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Build an Ecosystem of Finance, People, and Know-How: The Key Behaviors of Entrepreneurs, Part 3

Note: this post is part three of a six-part series on essential behaviors of entrepreneurs, as identified by Ernst & Young in the survey “Nature or Nurture? Decoding the DNA of the entrepreneur.” Read a summary of the report here. And be sure to check out parts one and two.

One of the most influential partnerships in hip-hop began because two guys met at a club. Russell Simmons and Rick Rubin were introduced by a mutual friend one night, and they ended up joining forces to create Def Jam Recordings, the label that introduced the world to legendary acts including LL Cool J, the Beastie Boys, and Public Enemy.

The third of six behaviors exhibited by successful entrepreneurs, according to Ernst & Young, is to “build an ecosystem of finance, people, and know-how.” The authors point out that all entrepreneurs will face obstacles, particularly when it comes to getting financing, skills, and knowledge. In order to overcome these challenges, entrepreneurs benefit immensely from partnering with people who have different strengths.

Rick Rubin was a producer with an ear for new talent. Russell Simmons was a club promoter and artist manager. Rubin was in the punk-rock scene; Simmons was in the hip-hop scene. But by combining their contrasting skills and backgrounds, they were able to create an incredibly successful music label that neither would have been able to make alone.

“Partnerships allow you to have a continuous dialog with someone at your own level, which is extraordinarily fruitful and helps companies grow,” said Arnaud Vaissié, CEO of International SOS and one of the leading entrepreneurs interviewed by E&Y for the survey. “And the best combination is a mix of skill sets. If you’re an engineer, find a business guy. If you’re a scientist, find a business guy. If you’re a business guy, find an expert. That increases the chances of survival dramatically.”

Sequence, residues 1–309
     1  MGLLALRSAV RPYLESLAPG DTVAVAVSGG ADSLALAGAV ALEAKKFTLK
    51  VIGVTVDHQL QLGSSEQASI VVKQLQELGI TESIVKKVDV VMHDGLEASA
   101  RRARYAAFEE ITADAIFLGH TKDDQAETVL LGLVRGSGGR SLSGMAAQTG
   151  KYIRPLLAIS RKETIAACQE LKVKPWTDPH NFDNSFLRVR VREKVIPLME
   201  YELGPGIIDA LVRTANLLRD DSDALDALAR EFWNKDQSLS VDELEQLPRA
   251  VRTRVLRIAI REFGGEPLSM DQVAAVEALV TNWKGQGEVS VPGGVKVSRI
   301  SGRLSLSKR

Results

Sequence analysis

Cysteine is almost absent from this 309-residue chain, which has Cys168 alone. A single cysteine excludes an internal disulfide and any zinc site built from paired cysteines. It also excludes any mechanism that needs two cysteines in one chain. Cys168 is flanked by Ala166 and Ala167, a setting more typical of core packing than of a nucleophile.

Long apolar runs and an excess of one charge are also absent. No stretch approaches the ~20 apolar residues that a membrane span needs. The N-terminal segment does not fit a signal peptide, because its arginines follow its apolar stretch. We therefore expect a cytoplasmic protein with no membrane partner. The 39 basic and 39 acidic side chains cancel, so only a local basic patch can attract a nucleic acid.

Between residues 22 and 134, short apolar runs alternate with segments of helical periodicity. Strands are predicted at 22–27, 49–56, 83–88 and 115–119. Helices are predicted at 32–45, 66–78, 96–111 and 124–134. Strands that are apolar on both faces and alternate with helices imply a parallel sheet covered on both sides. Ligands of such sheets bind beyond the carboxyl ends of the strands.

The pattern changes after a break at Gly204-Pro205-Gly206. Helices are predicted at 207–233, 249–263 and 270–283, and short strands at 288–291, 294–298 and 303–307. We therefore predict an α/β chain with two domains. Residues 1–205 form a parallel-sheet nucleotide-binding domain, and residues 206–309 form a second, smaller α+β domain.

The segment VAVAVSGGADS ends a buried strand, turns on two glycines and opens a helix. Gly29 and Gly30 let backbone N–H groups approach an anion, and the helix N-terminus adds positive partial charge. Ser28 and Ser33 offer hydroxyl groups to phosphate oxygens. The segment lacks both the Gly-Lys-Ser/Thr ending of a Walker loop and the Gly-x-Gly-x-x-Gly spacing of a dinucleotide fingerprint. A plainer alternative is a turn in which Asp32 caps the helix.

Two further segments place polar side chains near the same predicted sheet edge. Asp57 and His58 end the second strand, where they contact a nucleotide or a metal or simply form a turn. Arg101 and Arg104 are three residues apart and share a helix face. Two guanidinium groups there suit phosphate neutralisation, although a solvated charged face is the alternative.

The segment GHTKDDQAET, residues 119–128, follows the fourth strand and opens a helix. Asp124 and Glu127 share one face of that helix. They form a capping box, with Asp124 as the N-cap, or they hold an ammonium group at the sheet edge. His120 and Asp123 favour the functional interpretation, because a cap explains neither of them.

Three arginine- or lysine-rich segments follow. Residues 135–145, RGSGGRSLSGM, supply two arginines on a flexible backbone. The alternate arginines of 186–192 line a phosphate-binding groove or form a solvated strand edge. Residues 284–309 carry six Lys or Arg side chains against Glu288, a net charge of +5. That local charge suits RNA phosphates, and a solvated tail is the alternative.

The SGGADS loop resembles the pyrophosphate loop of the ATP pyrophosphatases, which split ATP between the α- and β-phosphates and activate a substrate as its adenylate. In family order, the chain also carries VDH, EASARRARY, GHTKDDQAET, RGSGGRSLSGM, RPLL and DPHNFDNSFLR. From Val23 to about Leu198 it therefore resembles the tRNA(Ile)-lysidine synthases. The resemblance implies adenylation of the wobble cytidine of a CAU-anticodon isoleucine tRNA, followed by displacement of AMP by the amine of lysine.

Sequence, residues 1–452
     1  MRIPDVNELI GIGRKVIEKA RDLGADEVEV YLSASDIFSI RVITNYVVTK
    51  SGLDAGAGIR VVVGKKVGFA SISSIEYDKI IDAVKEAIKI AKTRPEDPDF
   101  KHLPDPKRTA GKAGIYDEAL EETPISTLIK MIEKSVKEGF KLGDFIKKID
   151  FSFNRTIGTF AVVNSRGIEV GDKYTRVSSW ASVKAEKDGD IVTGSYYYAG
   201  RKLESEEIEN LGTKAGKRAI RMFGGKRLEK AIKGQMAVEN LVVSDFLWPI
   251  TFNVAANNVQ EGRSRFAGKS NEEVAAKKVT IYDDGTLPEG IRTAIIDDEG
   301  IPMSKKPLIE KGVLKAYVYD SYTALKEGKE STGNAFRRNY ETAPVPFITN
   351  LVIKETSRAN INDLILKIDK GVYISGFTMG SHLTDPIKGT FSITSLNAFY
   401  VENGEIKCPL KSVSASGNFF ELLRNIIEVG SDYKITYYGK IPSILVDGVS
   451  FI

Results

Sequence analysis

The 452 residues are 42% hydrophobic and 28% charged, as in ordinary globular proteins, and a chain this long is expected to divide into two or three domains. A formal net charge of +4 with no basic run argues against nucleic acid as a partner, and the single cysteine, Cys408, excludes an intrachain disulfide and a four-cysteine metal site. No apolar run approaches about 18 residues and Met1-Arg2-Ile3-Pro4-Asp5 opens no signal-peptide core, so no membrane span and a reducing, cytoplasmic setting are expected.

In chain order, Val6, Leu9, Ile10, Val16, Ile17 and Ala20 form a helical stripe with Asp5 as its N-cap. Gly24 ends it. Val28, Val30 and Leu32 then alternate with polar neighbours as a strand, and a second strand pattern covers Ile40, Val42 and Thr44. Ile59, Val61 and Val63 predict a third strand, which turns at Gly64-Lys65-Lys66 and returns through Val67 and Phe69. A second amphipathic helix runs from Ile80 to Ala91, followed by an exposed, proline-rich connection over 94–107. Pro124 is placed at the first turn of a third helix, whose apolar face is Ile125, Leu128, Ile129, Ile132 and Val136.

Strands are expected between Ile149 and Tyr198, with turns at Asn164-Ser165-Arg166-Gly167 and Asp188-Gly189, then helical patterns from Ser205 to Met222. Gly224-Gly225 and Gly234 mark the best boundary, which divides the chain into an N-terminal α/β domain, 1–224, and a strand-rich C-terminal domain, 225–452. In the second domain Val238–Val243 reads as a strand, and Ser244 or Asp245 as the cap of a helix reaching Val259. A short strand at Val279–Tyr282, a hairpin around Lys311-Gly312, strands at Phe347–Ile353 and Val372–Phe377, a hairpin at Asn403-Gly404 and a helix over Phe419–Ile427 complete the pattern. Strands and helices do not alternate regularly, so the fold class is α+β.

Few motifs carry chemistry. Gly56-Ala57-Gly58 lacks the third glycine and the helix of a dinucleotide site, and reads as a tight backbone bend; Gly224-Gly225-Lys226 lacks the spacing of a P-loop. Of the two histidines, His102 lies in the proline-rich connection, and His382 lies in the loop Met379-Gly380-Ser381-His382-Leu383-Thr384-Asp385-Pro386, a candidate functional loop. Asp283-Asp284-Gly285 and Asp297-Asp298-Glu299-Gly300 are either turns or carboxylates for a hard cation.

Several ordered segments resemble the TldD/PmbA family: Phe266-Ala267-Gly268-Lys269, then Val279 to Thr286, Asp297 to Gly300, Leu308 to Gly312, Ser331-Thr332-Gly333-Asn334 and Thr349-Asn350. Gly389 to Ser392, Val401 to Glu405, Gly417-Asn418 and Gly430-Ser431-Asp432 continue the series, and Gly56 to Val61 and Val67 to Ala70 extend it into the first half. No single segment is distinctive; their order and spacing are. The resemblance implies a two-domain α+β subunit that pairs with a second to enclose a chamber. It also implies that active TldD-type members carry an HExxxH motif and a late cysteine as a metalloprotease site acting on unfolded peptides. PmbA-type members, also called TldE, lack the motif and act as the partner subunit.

You probably won’t be lucky enough to meet your ideal business partner at a party. So how do you go about finding the right person? Start by evaluating yourself. Before you can find someone with complementary skills, you have to know what your own strengths and weaknesses are. You can find free personality tests and skills tests online, but their dependability is not guaranteed. You may want to invest in a reputable evaluation system; Strengths Finder 2.0 is a perennial bestseller.

Once you have a clear picture of yourself, you can start looking for someone who rounds out your edges. Start with people you already know; having an established relationship may help you build your business faster. If you don’t know anyone you want to partner with, you need to start networking. Tell all of your friends what kind of person you’re looking for, join a networking group, search through LinkedIn—really put it out there.

Don’t be afraid to be picky. You’ll be working closely with your partner for long hours under stressful conditions, and this will be a lot less fun if you can’t stand each other. The goal is to have enough disagreement to stimulate creativity, but not so much conflict that you can’t get anything done. It’s a delicate balance to achieve, but when the partnership is right, it can have incredible results.

When Simmons and Rubin started Def Jam, they were working out of Rubin’s dorm room at NYU. By the time they moved on to other things, they were both multi-millionaires. Their partnership was much more than the sum of its parts, and when you find the right person to collaborate with, your partnership will be, too.

Related Posts

Be the Architect of Your Own Vision: The Key Behaviors of Entrepreneurs, Part 2
Drive, Tenacity, Persistence: The Key Behaviors of Entrepreneurs, Part 1
Corporations are people – but are they good people?
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